Why is determining your level of risk important? Because depending on the disease and your risk level, you may meet standards for more frequent or different methods of prevention/ screening. The two risk levels are familial risk, which means that you have a slightly higher chance of getting the disease (2 to 3 times) because someone in your family has been affected and hereditary risk, which means you have a much higher chance of getting the disease (up to 50 – 100%) than people in the general population because your risk is based on gene mutations inherited directly from either one or both parents.

This is why it is so important to collect as much family history information as possible. The idea of familial risk takes into account not only shared genes and genetic information, but also shared environment and lifestyle factors.  The risk for an individual to develop cardiovascular disease is higher if there is a history of these diseases already in the family.  For example, familial risk is seen in the following way: if you have a brother or sister with cardiovascular disease (CVD), your risk may be up to 45% higher to develop cardiovascular disease than if you did not have a brother or sister with CVD.

An example of hereditary risk is an inherited condition called Familial Hypercholesterolemia (FH). Individuals with FH have very high levels of LDL (bad cholesterol) in their blood, which can lead to premature cardiovascular disease and associated complications, if left untreated.  FH is caused by a change in a gene (called a mutation), that is passed down from someone’s mother or father in an autosomal dominant manner.  This meant that if an individual has just one copy of the gene mutation, they will develop FH.  An individual with FH has a 1 in 2 (or 50%) chance to pass it down to their children.  If an individual inherits an FH-causing mutation from both their mother and their father, they will develop a more severe form of FH.  If diagnosed early, individuals with FH can be monitored and treated through both medication and lifestyle changes (such as not smoking, exercising regularly, and eating a healthy diet), which helps delay or prevent serious complications associated with high cholesterol levels, which can include heart attacks and strokes.  FH is more common in certain populations, including Ashkenazi Jews, French Canadians, Lebanese, and South African Afrikaners.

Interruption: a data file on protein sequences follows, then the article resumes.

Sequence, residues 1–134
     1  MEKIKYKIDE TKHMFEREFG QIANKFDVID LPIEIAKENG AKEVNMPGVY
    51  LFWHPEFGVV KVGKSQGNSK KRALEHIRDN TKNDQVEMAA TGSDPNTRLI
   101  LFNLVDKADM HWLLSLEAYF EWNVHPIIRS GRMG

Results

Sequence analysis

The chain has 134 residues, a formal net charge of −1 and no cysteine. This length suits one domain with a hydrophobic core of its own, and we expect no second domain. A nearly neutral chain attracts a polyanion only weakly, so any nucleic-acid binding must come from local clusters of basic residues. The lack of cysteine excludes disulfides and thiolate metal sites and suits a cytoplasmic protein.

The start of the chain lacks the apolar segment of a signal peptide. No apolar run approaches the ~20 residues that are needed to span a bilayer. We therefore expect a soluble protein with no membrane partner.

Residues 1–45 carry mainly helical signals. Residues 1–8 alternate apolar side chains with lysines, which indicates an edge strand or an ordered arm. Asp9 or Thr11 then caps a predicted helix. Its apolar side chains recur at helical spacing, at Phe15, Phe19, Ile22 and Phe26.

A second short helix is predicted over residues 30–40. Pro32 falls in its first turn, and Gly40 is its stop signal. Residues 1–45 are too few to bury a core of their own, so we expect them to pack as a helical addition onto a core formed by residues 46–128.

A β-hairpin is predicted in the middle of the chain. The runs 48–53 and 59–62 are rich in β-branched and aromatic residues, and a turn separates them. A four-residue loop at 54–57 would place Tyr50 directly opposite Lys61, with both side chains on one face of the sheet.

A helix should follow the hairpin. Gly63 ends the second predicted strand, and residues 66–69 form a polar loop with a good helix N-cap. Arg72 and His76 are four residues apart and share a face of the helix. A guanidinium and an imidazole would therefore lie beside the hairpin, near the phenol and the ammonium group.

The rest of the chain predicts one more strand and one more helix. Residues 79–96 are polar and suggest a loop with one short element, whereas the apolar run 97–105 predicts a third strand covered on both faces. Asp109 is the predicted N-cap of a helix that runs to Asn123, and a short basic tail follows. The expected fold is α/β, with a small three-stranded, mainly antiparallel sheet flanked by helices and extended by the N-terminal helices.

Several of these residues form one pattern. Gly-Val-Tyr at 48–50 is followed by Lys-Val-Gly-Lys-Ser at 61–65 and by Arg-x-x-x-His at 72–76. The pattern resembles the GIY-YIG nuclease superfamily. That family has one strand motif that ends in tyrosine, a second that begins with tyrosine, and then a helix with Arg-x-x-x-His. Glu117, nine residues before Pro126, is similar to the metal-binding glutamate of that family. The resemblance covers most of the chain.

For cardiovascular disease, as well as many other health conditions, you not only need to consider family health history and background, but also personal risk factors, such as your environment and/or lifestyle, to determine your risk. A genetic counselor can help you calculate your chance of being affected by a wide range of diseases and work with your healthcare team to create a personalized plan for the next steps to maximize your health and the health of your family.

To find a genetic counselor near you, please visit the National Society of Genetic Counselors (www.nsgc.org).

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Tips For a Healthy Heart

Take a look at some not-so-common tips for keeping your heart healthy as the new year is underway! heart-health-infographic

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Thanksgiving is Family Health History Day!

As we prepare for the upcoming holidays, it is important to note that Thanksgiving is National Family Health History day. Take a moment to read about the importance of family health history and how you can take advantage of the holidays to learn more about yours! 2015 FAMILY HEALTH HISTORY CARD

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Questions about newborn screening? Check out this article!

Do you, a family member, or a friend have questions about newborn screening? Check out this link below for frequently asked questions about newborn screening procedures. We think you will find it extremely helpful:

http://babysfirsttest.org/newborn-screening/screening-procedures